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Last updated: March 24. 2014 10:41AM - 1679 Views
By Charlene Hoeflich choeflich@civitasmedia.com



Karen Heater, Meigs County's new dog warden, pets a couple of the 25 dogs housed there now.
Karen Heater, Meigs County's new dog warden, pets a couple of the 25 dogs housed there now.
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POMEROY — For the past year, times have been good at the Meigs County Dog Shelter, where extensive kennel improvements have been making life more comfortable for the hundreds of animals who spent some time there.


Of the approximately 560 animals coming into the shelter last year, 237 were rescues, 200 were adopted, 10 died and 20 were euthanized.


Funds contributed provided enough money for numerous upgrades to the facility during the year. A new ceiling was installed along with new lights, new kennels, beds were put in place, and heaters were bought in. In addition, a spay and neuter program was expanded and emergency veterinarian care was provided for 52 sick or injured dogs at a cost of about $3,500.


There was a change in management when Tom Profitt, dog warden, left the position and was replaced by Karen Heater. Becky Acer continued as the assistant dog warden, and her husband and other volunteers provided most of the labor to erect the kennels, to install the ceiling insulation, and to do other improvements.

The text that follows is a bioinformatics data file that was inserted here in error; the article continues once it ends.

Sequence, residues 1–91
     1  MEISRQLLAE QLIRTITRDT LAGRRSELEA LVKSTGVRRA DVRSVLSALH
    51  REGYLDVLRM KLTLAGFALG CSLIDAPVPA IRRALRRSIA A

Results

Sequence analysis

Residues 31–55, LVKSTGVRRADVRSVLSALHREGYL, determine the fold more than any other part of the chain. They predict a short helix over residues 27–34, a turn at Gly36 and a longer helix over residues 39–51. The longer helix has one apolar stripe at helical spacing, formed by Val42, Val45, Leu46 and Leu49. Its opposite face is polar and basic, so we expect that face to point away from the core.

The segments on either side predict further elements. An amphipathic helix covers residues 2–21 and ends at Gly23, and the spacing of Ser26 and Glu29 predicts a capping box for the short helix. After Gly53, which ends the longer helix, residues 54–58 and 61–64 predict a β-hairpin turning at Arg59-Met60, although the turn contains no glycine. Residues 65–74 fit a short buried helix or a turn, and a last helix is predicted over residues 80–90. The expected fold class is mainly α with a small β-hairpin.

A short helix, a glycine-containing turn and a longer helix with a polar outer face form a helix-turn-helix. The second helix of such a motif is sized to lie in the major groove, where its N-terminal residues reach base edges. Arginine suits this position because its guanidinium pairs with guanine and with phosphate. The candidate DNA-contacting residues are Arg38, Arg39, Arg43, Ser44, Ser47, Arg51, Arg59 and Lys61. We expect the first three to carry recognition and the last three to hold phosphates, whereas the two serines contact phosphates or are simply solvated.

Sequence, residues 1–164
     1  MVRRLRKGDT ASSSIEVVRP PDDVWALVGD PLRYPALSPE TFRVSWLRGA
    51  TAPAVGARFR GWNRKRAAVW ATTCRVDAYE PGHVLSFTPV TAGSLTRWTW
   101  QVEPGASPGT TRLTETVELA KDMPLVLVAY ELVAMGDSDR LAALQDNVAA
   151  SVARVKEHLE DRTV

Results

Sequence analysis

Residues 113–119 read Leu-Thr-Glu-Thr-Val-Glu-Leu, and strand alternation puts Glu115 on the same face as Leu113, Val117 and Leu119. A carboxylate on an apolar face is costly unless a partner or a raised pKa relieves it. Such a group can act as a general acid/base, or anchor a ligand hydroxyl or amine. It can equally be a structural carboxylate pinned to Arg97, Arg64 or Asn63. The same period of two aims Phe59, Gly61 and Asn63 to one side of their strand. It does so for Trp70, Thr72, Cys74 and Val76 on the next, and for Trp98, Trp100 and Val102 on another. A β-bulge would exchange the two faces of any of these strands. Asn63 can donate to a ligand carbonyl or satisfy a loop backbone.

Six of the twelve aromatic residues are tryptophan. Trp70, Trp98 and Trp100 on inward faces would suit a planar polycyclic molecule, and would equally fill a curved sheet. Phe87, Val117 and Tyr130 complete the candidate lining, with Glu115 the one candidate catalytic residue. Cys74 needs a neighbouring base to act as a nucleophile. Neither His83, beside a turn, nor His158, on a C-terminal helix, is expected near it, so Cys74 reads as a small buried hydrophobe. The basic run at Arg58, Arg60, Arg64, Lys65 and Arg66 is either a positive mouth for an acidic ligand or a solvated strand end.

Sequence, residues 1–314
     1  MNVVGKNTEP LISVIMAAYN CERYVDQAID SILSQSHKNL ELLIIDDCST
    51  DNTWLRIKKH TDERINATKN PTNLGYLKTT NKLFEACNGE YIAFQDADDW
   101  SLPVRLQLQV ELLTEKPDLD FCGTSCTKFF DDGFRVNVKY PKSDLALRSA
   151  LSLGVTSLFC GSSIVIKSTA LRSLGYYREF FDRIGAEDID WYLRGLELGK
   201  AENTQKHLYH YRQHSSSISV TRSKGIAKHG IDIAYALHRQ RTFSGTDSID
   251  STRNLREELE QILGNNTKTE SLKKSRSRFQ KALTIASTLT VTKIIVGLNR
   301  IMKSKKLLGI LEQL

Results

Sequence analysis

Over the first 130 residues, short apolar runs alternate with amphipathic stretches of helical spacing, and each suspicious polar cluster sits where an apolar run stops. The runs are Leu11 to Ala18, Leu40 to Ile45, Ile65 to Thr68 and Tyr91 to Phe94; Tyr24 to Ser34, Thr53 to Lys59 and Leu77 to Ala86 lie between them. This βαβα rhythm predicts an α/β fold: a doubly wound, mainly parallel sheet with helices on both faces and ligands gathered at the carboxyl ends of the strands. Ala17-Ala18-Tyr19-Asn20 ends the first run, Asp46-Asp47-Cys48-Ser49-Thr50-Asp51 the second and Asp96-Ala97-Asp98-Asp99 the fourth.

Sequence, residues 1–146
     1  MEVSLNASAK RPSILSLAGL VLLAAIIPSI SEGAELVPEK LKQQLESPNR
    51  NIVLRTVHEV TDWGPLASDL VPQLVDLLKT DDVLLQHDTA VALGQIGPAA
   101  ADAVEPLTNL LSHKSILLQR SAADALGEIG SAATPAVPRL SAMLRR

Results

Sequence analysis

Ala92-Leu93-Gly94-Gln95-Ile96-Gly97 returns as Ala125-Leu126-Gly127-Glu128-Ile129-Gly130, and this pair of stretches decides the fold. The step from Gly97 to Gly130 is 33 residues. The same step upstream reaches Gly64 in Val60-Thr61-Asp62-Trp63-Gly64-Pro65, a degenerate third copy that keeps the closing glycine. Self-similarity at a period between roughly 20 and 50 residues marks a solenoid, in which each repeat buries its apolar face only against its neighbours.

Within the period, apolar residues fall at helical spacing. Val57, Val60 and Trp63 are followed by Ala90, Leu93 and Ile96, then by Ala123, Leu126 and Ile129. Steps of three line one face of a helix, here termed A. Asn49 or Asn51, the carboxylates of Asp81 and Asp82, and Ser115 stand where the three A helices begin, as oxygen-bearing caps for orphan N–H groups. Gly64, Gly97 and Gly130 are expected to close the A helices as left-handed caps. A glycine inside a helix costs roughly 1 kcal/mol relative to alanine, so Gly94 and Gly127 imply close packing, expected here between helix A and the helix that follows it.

Making grants to the programs carried out by the Humane Society were Greg Biffle Foundation $3,000 for the spray/neuter program; Ohio Pet Fund, $2,000 for the spray and neuter program; the Ohio Schweitzer Animal Welfare Trust Fund for the animal rescue project; an anonymous donor, a check for $6,500 for kennels, beds, and heaters; Columbus Foundation Hachiko’s Legacy Fund for $1,000 to purchase heaters and beds, and $2,500 for the pound upgrade project (PETCO).


Other grants came from Binky Foundation which awarded $1,711 to purchase the Talon Animal Capture System kit; Hachiko’s Legacy Fund, $500 for the the ceiling insulation; the American Society for the Prevention of Cruelty, $1,435 to pay for Level 1 NACA training for the dog warden; and the Alimswa Foundation, $5,000 for the Pet Food Bank.


In observance of National Mutt Day, Meigs Industries, the Humane Society and the the Meigs County Dog Shelter staged a spaghetti fundraiser which brought in approximately $1,700 — some of which was used to purchase straw given to pet owners in December, January and February.


The Meigs County Thrift Shoppe in Middleport remains the main source of income. Operated by volunteers, it is open Monday through Thursday, from 10 a.m. to 5 p.m., and on Friday and Saturday from 10 a.m. to 4 p.m.


Membership in the Humane Society is $10 for adults and $5 for senior citizens.


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